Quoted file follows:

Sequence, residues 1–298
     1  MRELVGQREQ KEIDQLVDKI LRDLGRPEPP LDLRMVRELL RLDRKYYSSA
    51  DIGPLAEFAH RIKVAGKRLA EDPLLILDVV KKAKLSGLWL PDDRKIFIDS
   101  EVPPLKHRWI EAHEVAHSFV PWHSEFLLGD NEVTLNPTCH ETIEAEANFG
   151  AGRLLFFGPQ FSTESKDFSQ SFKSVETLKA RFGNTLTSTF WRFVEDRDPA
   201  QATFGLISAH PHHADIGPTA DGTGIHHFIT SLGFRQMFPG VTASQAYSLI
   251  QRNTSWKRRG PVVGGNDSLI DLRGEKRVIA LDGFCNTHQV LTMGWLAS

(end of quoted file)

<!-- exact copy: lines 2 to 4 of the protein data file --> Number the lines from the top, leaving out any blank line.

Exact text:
     1  MRELVGQREQ KEIDQLVDKI LRDLGRPEPP LDLRMVRELL RLDRKYYSSA
    51  DIGPLAEFAH RIKVAGKRLA EDPLLILDVV KKAKLSGLWL PDDRKIFIDS
   101  EVPPLKHRWI EAHEVAHSFV PWHSEFLLGD NEVTLNPTCH ETIEAEANFG